What can do you with 27 acres? Quite a lot. Developer Eric Farrell, the city of Burlington, the Vermont Land Trust and Champlain Housing Trust unveiled plans Tuesday night to build a neighborhood from scratch on the lakefront property that Farrell bought from Burlington College last year.
Their vision: Preserve 12 of the acres closest to the lake as a public park and erect 570 units of housing on the rest. Farrell also plans to develop 200 additional units on property currently owned by the college, including the former orphanage building, which he's signed an agreement to purchase from the college.
When Burlington College, under financial duress, sold the property to Farrell, people worried that one of the city's largest swaths of open space would become a housing development. A group called Save Open Space-Burlington formed. In response to the public outcry, Farrell agreed to collaborate with the city, the land trust and CHT and hold a public process to hash out the property's future.
At an earlier meeting, preservation advocates clashed with the organizers. The Tuesday event got off to a more genial start — in the basement of the St. Joseph's School in the Old North End, artists and activists mingled while eating pizza. Roughly 40 people showed up to see the conceptual plans.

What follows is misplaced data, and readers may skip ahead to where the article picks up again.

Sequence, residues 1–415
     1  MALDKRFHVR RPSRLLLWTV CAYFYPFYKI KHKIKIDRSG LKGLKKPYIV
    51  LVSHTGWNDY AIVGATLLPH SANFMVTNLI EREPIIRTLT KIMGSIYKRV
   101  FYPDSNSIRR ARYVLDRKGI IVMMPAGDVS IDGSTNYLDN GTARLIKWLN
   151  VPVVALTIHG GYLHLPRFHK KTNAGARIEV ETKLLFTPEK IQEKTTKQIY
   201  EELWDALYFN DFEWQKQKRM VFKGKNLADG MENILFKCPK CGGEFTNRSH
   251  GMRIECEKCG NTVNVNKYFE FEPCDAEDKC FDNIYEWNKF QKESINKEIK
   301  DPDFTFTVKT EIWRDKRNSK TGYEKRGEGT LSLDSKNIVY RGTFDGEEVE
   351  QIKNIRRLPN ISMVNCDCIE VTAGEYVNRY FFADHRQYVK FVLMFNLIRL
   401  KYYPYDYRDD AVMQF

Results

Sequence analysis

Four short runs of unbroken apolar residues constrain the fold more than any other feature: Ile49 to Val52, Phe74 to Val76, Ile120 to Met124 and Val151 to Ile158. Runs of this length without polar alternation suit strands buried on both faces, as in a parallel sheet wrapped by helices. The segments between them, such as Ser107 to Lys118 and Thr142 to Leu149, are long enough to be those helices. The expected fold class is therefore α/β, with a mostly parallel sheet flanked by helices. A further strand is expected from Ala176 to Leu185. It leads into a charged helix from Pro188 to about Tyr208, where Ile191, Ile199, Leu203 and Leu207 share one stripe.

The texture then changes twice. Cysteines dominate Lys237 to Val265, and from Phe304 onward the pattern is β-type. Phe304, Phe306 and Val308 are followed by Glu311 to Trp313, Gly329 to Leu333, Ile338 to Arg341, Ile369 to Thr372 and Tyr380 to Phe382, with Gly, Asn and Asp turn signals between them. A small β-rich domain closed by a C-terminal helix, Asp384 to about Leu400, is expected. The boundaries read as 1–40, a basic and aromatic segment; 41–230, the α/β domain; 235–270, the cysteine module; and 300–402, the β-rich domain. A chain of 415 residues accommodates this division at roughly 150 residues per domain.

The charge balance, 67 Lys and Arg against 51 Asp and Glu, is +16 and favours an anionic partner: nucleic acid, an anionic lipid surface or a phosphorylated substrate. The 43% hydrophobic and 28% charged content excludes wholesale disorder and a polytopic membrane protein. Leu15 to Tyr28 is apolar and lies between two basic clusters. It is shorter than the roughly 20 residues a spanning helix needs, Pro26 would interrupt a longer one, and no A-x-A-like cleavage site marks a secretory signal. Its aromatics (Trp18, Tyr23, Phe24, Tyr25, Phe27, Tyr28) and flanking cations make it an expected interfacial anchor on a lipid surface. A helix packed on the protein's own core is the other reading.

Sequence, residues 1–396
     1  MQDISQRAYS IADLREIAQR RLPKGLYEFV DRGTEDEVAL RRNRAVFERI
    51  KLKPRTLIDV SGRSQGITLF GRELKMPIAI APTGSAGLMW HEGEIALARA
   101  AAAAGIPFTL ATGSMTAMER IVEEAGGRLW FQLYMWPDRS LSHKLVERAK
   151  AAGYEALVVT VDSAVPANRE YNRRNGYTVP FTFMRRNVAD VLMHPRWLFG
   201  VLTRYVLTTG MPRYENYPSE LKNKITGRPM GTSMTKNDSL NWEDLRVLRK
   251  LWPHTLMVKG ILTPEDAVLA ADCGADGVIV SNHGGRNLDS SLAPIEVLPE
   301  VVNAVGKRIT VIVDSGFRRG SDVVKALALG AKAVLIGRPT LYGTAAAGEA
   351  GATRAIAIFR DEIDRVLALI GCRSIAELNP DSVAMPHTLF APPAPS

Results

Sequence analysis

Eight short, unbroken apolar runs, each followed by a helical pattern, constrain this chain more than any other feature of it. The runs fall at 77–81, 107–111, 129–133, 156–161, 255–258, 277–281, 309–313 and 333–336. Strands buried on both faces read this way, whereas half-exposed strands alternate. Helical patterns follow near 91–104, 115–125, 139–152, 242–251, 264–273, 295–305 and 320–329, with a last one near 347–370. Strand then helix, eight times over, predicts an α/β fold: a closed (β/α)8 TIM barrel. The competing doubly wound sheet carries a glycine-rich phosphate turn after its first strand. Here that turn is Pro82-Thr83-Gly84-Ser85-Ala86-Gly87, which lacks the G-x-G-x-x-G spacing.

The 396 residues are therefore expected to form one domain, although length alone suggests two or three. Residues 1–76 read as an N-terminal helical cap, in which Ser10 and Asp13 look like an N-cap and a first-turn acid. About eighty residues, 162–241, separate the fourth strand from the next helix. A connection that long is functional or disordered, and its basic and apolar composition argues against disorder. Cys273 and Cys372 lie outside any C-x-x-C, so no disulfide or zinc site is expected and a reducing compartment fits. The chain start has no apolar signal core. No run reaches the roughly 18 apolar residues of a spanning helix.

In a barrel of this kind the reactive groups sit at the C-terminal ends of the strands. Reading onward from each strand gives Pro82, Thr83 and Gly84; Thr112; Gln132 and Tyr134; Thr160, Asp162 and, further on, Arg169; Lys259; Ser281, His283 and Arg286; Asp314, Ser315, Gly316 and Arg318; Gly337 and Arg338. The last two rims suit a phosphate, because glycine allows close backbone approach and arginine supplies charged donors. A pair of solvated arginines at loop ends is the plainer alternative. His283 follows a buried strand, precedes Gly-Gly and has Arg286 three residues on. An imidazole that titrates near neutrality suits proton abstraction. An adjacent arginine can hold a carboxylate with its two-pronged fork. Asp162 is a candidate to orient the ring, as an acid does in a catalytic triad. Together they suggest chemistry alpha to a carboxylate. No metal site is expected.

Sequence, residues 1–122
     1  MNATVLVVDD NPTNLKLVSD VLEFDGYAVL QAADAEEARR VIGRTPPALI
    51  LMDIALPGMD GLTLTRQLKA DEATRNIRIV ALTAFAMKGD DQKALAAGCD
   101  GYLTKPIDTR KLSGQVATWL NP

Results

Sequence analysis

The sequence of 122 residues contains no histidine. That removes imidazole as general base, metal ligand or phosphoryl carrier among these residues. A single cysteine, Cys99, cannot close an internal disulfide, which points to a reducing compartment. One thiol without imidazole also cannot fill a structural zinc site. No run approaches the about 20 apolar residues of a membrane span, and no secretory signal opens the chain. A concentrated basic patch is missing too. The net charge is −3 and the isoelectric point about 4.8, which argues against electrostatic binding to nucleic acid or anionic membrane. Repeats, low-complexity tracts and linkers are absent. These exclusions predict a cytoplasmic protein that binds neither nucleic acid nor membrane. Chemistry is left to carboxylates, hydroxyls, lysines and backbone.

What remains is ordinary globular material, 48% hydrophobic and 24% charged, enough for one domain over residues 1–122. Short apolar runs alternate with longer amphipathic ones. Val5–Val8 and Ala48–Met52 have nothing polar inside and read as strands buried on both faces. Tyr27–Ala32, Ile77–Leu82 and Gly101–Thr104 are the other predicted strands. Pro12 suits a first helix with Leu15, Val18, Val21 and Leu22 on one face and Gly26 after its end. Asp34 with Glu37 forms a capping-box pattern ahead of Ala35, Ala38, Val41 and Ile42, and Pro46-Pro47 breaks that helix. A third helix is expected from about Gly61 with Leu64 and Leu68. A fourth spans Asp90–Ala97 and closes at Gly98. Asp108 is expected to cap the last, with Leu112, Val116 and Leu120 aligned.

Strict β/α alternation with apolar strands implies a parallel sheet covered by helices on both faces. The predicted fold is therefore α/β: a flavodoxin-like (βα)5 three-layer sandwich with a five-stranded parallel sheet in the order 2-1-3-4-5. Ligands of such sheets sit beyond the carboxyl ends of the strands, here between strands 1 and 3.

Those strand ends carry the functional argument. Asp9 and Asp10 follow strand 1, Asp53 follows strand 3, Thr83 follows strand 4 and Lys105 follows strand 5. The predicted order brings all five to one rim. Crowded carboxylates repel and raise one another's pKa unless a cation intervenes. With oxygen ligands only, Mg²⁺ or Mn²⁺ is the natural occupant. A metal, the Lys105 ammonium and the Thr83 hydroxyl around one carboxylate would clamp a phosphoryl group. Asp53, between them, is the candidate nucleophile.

Farrell is proposing to build a mix of rental units, condos and townhouses in buildings that range from three to five stories. Champlain Housing Trust, an affordable housing developer, would build 160 of the units, 80 of which would be for seniors. Reiterating the high demand for affordable housing, chief financial officer Michael Monte said the proposed project is "probably from an income basis one of the most integrated neighborhoods you would find anywhere in Burlington."
Three quarters of the parking would be below ground — terraced into the downward sloping land.
At a cost of $2 million, the city plans to purchase 12 acres, including Texaco Beach. Burlington has a Conservation Fund that's accumulated roughly $1 million over the years, which Parks and Recreation Director Jesse Bridges suggested could be used. Current community gardens would be expanded, and a building known as the Stone House could potentially be converted to a community center.
During the question-and-answer session at the end of the meeting, people focused on specific aspects of the plan rather than protesting the notion of any development occurring on the site.
Parks and Recreation Director Jesse Bridges, middle, and Gil Livingston, Vermont Land Trust president, right, field questions from the audience.
Several members of the audience did want to know if preserving more land was still an option. Land Trust president Gil Livingston didn't dismiss the possibility but emphasized that $2 million was already a sizable sum to raise.
Among the other questions asked: How will the new project impact traffic on North Avenue? How will a large development a stone's throw from Lake Champlain minimize stormwater runoff? Bridges said these concerns would be addressed as the project moves forward.
As currently envisioned, the plan also requires zoning changes, in part to allow for taller buildings. Requesting those changes will delay the development review process, but Farrell said he hopes to have permits in hand by next summer. The developer let the other project partners do the talking, but during an interview afterwards, he summarized his perspective: "We need housing as much as we need open space." With this proposal, he said, "I think we've got a real nice balance."